In addition to smooth action, the Auron is absurdly stiff. I’ve jammed it sideways into rock garden corners, railed berms, cased jumps, shredded drops, and basically flogged this fork every which way. I’ve had zero issues with side-to-side or fore/aft flex: the wheel just goes where I point it!
Let’s cut to the quick: I really have only one possible complaint against the Auron, and that’s the compression adjustment. Unlike your standard 3-setting compression knob, the Auron’s compression knob has about 20 clicks in it. This is great when you want to add just a click or two of compression to help the fork ramp up more and to guard against bottom out. But if you want to lock out your fork on the fly, that’s pretty difficult to do. In fact, since I didn’t ever really want my compression full-open, I didn’t want to deal with twisting the dial all the way closed for just a bit more efficiency on the climb, due to the headache at the top of the descent resulting from finding my previous compression setting. So, I chose to run this fork open (about 4-5 clicks from full open on the compression dial) all the time. This made some out-of-the-saddle climbs a real bear. Still, we’re talking about a 160mm all mountain/enduro fork here, and what you really need to be focused on is how it performs when it’s pointed downhill.
The single most unique feature which sets the Auron apart from other forks on the market is SR Suntour’s Q-Loc 15mm through axle. Unlike the other major brands, this through axle doesn’t need to thread into one end of the fork. This makes it much easier and faster to install and release, and eliminates the chance of stripping or otherwise damaging threads in such an expensive component.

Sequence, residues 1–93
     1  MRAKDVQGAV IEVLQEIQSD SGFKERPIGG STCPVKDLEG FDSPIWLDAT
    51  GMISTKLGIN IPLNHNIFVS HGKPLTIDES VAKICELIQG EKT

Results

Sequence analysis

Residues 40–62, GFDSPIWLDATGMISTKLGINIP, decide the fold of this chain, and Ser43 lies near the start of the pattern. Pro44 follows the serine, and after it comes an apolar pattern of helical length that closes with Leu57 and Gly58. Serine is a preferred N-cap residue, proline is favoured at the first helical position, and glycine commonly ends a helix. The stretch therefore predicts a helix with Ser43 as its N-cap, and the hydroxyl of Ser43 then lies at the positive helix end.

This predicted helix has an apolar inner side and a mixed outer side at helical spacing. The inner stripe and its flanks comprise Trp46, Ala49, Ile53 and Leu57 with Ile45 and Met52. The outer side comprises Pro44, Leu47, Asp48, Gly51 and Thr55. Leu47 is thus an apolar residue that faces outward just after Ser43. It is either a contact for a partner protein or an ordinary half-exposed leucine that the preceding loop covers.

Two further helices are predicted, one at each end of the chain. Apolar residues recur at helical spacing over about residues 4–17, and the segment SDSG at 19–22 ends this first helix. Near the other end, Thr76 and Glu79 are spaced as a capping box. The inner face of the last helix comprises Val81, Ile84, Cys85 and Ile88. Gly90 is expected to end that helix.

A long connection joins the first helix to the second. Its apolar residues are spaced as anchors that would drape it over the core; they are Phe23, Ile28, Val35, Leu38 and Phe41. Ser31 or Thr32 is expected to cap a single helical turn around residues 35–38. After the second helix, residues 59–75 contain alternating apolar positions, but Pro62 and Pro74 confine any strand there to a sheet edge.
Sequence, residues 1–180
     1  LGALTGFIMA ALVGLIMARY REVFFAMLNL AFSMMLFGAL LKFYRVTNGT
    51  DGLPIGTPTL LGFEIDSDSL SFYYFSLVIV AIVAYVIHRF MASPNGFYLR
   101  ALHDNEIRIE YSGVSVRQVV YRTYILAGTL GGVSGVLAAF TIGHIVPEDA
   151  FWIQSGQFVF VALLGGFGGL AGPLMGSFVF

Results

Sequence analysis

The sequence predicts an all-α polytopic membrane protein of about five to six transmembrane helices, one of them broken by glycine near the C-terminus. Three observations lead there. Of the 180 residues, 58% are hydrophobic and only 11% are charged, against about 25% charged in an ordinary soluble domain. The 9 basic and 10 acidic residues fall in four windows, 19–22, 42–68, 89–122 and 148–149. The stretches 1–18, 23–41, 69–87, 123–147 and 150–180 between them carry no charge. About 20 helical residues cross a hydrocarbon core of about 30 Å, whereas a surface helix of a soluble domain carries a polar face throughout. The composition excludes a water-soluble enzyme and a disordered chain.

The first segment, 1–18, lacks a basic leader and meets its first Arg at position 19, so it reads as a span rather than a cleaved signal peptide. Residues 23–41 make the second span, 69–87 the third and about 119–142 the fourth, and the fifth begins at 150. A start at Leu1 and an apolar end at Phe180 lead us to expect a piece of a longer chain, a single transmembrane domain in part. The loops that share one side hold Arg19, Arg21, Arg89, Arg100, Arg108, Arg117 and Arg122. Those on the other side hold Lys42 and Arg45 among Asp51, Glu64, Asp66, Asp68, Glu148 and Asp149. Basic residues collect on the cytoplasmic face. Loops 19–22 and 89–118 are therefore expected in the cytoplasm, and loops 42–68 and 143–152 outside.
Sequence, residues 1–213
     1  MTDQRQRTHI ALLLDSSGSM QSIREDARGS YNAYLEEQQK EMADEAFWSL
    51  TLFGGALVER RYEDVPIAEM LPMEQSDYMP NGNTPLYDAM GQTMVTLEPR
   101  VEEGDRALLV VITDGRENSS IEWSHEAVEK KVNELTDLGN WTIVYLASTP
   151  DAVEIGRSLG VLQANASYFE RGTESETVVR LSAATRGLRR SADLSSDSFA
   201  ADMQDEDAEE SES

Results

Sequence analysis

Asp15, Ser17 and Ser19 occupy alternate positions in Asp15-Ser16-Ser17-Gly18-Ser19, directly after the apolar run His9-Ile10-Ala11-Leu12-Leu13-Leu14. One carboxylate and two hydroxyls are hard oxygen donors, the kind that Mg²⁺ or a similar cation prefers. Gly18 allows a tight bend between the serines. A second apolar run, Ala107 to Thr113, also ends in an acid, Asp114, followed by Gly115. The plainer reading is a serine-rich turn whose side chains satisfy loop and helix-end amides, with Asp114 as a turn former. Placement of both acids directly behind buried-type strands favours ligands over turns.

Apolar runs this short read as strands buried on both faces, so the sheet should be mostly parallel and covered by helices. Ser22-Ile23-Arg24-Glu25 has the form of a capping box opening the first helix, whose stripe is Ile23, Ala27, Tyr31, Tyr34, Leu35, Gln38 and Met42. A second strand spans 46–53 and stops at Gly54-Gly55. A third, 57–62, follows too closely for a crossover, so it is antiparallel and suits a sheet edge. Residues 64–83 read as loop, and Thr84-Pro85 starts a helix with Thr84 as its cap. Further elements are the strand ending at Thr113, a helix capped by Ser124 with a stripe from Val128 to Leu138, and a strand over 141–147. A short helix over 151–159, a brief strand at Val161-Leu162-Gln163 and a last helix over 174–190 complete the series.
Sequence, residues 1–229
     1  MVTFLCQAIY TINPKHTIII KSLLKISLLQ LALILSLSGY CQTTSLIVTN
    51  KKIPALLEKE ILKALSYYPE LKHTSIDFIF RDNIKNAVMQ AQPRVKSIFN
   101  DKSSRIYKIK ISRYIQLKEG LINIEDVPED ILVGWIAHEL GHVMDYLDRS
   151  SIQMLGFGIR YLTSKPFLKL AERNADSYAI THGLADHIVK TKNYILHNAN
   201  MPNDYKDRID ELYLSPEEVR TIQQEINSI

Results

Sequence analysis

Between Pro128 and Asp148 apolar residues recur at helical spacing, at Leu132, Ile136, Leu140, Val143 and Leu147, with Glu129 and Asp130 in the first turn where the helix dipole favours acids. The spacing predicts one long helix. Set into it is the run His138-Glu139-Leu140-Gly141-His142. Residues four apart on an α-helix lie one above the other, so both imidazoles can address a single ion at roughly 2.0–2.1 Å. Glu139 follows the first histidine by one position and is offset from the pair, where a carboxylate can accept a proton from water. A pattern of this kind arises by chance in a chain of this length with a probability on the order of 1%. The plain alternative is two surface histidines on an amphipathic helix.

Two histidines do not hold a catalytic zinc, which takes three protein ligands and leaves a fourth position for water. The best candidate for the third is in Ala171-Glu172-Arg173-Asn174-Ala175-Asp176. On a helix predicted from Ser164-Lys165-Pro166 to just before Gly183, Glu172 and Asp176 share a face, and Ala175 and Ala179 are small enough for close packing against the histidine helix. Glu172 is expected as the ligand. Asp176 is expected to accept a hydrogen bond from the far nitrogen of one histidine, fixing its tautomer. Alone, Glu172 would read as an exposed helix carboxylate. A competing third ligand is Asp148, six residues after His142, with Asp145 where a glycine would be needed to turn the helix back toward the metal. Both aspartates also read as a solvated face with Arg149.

It’s pretty difficult to explain in writing exactly how this axle works, so check out this video from Suntour for a visual explanation:
I have come to absolutely love this axle! Obviously I wouldn’t recommend buying a fork just because it has a fantastic, intuitive through axle, but couple this with the fork’s already stellar performance, and it’s clear that Suntour is more than comfortable with reevaluating, and improving on what the rest of the industry seems to have taken for granted.
Changing the Cartridge
The Auron is branded by Suntour as a Quick Service Product (QSP), and I’ve been told by many people that servicing the Auron is truly easy: simply open it up, remove the cartridge, and swap a new one in. While I had zero maintenance issues with this fork during my test, here’s a video from Suntour showcasing how easy this maintenance truly is:
The Suntour Auron provides deliciously supple action, great progressive travel, and fantastic stiffness–all while running completely silent. Innovative factors such as the Q-Loc through axle and QSP cartridge help set the Auron apart from the competition. And while I might gripe about the lack of an easy lockout on this fork, with this superb performance and the unique features hitting the cash register at $300-400 less than forks from Fox and RockShox, it’s hard to complain about anything!
Thanks to SR Suntour for providing the Auron for review!